During interaction with robotic manipulanda, the human brain constructs internal representations of the environment imposed by the robotic device. These representations (i) provide cognitive interpretation of the interfaced environment and (ii) generate motor commands for future interaction with the imposed environment. Interestingly, cognitive and motor representations are not always mutually consistent. We consider a simple environment consisting of a spring-like surface, where either the delay between force and position or the location of the boundary is experimentally altered. We explored the cognitive representation of rigidity by asking subjects which of two surfaces is stiffer. We also considered the motor representation by investigating adaptation to the same virtual environments. We asked subject to reach a target inside virtual surface, and observed adaptation and its after effects in catch trials. In the cognitive study, we constructed psychometric curves based on the verbal reports of the subjects. In the motor study, we constructed analogous curves, which we name 'motormetric curves', describing the implicit motor expectation of rigidity, as expressed not verbally but by the errors in catch trials, where the delay was unexpectedly removed. We simulated motormetric curves from a simplified mechanical model of the arm and neural controller. We found that the cognitive reports reflected our measure of the motor behavior in the case of delayed stiffness, but not in the case of shifted boundary.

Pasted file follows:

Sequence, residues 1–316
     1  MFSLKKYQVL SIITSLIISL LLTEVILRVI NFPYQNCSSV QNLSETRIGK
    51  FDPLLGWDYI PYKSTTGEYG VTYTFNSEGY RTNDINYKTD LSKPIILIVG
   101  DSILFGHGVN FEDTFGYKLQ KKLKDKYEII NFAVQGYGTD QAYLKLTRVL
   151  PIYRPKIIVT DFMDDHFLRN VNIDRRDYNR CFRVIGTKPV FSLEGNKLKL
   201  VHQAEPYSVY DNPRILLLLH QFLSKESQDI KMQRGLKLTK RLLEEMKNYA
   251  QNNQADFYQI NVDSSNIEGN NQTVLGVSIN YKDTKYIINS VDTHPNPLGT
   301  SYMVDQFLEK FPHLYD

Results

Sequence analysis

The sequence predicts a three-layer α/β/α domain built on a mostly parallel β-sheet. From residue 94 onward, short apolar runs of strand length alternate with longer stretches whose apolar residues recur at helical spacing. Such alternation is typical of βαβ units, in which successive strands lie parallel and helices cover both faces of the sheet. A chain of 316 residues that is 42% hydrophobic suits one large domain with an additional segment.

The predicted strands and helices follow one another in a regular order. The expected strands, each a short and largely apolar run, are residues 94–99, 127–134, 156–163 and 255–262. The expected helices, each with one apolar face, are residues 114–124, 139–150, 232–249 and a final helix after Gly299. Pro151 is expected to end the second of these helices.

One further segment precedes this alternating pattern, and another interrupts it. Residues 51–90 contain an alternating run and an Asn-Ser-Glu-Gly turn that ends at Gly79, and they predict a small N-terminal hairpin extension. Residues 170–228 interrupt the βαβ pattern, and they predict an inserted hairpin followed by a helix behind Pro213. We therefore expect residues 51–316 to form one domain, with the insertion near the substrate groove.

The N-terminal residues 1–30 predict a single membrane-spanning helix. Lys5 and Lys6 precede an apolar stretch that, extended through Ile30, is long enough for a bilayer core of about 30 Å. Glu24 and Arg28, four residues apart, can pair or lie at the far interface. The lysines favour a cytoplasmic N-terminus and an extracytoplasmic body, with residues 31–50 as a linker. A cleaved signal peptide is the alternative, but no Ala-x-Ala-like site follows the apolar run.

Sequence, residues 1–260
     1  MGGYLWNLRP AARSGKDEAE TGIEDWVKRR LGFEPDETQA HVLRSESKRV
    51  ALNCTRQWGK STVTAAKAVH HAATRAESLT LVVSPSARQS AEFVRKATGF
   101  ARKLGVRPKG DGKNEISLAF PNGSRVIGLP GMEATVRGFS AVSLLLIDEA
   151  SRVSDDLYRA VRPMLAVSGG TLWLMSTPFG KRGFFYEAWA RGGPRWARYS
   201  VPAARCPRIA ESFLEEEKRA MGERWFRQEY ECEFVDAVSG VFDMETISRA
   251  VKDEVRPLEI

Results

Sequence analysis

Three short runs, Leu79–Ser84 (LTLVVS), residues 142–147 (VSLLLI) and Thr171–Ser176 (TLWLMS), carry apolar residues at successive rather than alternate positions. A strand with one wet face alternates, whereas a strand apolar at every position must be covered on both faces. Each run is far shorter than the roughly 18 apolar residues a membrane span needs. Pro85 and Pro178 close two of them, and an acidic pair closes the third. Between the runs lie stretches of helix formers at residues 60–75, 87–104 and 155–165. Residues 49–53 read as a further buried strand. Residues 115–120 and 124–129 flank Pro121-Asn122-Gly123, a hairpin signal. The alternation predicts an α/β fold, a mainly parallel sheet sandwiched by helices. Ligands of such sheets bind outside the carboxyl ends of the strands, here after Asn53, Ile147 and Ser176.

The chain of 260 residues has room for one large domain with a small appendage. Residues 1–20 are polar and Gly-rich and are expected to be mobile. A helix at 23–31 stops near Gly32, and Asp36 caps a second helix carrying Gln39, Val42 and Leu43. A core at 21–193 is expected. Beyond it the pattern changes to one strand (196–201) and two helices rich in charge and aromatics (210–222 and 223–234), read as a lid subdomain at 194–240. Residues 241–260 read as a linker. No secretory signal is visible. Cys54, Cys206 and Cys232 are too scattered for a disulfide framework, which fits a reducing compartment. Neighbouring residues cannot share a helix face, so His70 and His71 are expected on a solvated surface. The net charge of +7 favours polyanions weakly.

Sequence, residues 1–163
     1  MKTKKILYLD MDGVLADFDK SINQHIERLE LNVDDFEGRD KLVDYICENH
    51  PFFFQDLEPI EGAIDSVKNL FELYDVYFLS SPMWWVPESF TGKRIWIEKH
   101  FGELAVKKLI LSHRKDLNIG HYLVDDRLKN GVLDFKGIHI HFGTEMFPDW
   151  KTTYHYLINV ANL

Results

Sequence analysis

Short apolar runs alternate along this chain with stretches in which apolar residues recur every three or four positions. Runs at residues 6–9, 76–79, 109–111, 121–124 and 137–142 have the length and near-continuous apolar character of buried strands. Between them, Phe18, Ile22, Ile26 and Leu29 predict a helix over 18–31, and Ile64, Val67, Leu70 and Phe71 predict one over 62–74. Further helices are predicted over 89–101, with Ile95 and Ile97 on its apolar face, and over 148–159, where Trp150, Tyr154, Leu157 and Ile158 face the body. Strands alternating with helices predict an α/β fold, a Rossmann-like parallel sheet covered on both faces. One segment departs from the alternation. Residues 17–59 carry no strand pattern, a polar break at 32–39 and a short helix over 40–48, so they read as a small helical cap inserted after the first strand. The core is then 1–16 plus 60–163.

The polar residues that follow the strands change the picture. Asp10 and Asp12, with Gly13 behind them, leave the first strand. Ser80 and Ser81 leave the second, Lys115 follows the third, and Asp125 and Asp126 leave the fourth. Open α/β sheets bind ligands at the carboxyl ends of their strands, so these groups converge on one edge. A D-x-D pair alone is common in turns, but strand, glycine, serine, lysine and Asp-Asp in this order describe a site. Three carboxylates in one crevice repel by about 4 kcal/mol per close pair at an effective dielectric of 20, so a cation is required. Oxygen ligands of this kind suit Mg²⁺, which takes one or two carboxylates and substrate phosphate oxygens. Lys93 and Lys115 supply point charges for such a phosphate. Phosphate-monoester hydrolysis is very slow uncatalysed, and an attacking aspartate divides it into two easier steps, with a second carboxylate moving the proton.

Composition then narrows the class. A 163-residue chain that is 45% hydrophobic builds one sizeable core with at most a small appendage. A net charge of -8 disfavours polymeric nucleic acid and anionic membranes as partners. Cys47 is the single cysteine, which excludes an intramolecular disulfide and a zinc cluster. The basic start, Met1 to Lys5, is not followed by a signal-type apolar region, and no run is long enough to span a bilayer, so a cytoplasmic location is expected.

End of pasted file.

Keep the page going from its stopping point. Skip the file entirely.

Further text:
- Human-machine interface
- Robotic manipulandum
ASJC Scopus subject areas
- Control and Systems Engineering
- Human-Computer Interaction
- Hardware and Architecture
- Computer Science Applications